Allow yourself to be swept up in the extraordinary life of fashion model turned World War II photojournalist, Lee Miller, at the Lee Miller: A Woman’s War exhibition before its residency at the Imperial War Museum ends on Sunday.
Imperial War Museums (@I_W_M) April 19, 2016
The exhibition offers glimpses of her work both in front of and behind the camera, starting with her early career as a fashion model for Vogue in the 1920s.
Imperial War Museums (@I_W_M) April 20, 2016
Lee Miller was much more than just a beauty though, and tired of being constantly directed by others.
She sought the freedom she craved in the Surrealist movement, and moved to Paris where she became Surrealist photographer Man Ray’s apprentice.
Miller’s son Antony Penrose, explains how Surrealism and Lee were a perfect match:
Moving in circles with Max Ernst and Pablo Picasso and working alongside Man Ray, Lee’s skills grew immensly and she emerged an accomplished photographer in her own right.
The Channel 4 documentary, The Lives of Lee Miller, (produced by Antony Penrose), charts Miller’s many different incarnations throughout her career:
The focus of the exhibition, however, is much more on the work she did for Vogue as a photojournalist, following the outbreak of war in 1939.
As an American citizen Miller was urged to leave Britain and return home, but as Antony Penrose explains, she refused to do so:
Lee Miller: A Woman’s War, celebrates Miller’s photographic focus on women and her work’s evocative portrayal of women’s evolving roles, and also their suffering, in wartime.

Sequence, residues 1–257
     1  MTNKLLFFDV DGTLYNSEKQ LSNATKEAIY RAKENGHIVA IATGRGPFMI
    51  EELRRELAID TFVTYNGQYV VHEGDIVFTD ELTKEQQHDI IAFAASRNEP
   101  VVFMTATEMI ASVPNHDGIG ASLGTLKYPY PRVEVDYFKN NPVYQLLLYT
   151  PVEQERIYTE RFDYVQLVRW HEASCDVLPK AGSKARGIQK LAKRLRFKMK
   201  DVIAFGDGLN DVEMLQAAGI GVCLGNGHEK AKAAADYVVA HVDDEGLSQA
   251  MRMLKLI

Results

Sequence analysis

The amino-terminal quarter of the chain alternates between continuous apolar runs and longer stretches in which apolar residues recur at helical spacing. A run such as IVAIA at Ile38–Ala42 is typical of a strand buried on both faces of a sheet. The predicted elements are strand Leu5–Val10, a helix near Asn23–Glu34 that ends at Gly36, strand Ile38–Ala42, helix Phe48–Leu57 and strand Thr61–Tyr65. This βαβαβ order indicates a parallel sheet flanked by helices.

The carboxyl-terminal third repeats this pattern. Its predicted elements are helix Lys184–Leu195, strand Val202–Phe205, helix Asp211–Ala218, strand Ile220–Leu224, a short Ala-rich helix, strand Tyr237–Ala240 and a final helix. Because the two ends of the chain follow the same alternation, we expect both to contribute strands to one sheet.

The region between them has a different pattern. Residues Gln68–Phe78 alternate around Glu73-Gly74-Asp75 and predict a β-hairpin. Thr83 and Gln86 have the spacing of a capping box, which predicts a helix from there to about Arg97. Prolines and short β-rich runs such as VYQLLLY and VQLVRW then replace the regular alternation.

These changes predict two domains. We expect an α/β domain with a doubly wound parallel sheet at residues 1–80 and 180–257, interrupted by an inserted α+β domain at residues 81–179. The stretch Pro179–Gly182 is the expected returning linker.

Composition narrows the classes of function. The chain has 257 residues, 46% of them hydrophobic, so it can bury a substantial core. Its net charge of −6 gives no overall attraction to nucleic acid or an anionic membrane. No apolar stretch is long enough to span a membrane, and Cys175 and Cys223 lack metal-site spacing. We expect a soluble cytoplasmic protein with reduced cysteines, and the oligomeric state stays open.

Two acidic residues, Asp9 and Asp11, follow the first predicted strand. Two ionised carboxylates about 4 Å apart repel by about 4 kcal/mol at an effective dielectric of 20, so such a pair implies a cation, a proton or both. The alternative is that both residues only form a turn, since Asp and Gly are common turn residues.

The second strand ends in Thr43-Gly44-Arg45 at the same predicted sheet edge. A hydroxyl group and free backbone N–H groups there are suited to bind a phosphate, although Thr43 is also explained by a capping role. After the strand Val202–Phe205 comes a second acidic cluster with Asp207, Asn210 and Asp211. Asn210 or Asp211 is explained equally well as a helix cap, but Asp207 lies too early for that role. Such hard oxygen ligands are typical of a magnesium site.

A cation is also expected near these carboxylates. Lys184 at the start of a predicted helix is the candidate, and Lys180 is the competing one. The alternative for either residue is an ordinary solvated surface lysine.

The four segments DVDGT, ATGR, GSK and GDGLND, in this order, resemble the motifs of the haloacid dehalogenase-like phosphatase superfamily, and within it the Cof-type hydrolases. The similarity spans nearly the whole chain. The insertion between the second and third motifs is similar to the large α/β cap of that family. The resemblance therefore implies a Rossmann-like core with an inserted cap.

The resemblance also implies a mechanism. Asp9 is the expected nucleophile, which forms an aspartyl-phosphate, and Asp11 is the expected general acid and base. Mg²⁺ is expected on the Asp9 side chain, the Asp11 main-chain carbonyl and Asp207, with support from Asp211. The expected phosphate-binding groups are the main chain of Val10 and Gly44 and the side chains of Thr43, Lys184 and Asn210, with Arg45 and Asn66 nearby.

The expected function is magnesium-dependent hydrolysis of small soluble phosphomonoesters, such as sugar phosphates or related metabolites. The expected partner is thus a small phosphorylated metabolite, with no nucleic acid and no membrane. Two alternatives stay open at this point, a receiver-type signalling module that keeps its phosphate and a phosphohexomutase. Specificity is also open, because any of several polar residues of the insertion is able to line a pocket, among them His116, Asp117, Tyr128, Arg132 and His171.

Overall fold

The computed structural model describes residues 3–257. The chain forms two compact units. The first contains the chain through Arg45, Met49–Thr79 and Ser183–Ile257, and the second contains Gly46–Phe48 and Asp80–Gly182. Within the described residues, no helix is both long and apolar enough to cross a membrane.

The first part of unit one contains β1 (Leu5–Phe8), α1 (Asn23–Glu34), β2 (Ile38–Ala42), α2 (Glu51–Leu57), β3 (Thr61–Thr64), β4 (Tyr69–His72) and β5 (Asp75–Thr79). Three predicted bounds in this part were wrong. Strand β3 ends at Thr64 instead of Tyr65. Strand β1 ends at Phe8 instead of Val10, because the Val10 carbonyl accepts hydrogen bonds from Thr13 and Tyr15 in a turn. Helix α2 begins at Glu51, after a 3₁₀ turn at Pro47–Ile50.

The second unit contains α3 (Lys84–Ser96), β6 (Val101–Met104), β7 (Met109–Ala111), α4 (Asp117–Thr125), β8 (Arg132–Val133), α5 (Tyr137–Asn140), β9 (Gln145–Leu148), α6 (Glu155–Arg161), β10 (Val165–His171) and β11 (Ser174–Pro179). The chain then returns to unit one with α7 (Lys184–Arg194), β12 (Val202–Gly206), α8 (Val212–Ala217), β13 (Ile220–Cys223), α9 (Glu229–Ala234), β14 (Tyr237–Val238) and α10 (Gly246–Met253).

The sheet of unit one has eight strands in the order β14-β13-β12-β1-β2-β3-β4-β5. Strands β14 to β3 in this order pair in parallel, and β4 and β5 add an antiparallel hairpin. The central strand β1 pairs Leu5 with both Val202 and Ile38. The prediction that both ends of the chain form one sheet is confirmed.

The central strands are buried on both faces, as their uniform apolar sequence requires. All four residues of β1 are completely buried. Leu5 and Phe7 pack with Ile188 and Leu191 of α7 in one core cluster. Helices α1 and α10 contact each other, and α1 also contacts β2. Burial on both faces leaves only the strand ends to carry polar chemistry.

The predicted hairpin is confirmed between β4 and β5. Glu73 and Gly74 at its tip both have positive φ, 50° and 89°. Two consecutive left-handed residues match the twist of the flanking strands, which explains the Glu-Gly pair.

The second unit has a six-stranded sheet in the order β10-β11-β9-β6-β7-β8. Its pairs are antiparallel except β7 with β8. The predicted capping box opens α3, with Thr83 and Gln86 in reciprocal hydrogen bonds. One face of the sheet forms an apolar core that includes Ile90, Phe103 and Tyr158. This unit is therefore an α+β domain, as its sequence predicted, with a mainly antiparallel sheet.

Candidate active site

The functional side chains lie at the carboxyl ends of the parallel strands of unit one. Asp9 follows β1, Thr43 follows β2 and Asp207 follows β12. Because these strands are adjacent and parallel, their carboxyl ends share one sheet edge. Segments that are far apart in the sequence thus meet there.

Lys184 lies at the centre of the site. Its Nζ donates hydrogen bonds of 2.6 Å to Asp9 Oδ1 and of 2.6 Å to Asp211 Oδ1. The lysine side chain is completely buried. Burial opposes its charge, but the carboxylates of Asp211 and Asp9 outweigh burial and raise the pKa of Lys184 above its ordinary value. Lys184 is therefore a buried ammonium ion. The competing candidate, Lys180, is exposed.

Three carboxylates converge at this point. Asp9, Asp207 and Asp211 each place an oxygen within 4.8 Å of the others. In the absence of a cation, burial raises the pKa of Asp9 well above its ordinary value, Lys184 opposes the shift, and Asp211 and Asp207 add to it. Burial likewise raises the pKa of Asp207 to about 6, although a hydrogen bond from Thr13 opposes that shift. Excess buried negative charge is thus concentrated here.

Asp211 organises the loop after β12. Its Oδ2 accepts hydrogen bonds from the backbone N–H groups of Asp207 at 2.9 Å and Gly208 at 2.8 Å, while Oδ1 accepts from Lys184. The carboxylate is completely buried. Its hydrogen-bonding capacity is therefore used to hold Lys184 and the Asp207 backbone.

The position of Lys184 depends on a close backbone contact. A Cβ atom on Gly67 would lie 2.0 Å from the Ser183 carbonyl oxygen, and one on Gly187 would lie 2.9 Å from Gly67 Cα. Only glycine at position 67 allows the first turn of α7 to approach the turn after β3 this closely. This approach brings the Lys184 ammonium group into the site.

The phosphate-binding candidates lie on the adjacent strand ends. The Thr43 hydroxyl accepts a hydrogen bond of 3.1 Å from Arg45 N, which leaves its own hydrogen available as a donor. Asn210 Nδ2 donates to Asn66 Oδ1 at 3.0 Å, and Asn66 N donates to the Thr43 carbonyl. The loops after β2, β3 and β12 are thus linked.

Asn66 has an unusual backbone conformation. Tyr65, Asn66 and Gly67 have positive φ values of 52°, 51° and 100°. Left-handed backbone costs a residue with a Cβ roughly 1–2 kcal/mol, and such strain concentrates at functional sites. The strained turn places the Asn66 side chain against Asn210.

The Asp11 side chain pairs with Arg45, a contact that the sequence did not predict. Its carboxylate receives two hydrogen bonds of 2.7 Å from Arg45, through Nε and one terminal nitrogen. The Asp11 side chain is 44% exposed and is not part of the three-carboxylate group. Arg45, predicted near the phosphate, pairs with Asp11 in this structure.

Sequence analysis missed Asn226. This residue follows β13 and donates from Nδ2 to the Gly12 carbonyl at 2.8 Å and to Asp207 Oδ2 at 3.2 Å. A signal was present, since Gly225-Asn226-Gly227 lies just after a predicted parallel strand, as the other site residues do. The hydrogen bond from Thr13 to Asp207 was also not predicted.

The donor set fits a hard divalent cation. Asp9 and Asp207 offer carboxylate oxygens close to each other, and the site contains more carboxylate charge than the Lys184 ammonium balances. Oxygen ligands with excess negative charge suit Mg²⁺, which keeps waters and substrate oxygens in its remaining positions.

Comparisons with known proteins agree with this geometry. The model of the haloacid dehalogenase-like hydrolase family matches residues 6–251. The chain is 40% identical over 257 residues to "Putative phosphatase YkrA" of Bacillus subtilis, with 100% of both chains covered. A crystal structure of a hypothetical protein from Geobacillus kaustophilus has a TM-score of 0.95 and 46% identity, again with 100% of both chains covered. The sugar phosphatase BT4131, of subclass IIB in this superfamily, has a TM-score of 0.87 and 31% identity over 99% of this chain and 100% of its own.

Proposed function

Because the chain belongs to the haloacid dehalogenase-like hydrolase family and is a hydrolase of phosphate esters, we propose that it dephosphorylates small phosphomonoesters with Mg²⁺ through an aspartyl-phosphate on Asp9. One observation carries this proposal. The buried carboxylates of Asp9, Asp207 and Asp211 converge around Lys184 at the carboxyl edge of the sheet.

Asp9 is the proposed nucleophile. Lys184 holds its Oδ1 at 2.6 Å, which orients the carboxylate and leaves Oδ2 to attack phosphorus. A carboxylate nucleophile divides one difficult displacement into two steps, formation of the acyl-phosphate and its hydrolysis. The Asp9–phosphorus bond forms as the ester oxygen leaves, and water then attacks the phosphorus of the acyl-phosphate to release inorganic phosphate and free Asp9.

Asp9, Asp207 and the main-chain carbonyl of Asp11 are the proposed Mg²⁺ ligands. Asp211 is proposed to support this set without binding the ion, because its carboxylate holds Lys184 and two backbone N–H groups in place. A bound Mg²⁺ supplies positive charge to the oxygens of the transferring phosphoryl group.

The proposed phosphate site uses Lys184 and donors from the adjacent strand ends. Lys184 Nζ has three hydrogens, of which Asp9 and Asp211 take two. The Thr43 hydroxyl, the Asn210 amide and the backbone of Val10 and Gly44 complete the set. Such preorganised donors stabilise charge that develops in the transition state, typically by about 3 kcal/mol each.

Many of the photographs on display have never been exhibited before.
They offer a fascinating insight into what life was like for women in Britain during World War II, and the invaluable work they did on the Homefront.
Lee’s photographs of women in post-war Europe powerfully illustrate how the legacy of the war affected many women in varying ways.
Miller became one of the first female photographers to document frontline combat, and also ended up in Hitler’s Munich apartment on the day of his death in 1945.
Having visited Dachau earlier that day, Miller famously posed for this photograph; washing off the filth of the concentration camp in Hitler’s pristine bath tub.
Curator of the exhibition, Hilary Roberts, describes how this powerful picture can sometimes distract from Lee Miller’s other achievments:
The aim of the exhibition is therefore to introduce people to the extremely valuable body of work Miller produced during the war, specifically.
Hilary Roberts comments on the reaction the exhibition has received, and how it has been enjoyed by men and women alike:
Always been intrigued by Lee Miller, but unaware of just how good her war photojournalism was. Great exhibition. twitter.com/I_W_M/status/7…—
Vix Sumisu (@AllPassionSpent) April 17, 2016
"Lee Miller: A Woman's War" is a remarkable exhibition, exploring even more remarkable women. Feeling very empowered this rainy Friday.—
Nicola Ferguson (@nicolaferguson9) April 15, 2016
The exhibition will finish its six month stint at IWM London on Sunday, April 24.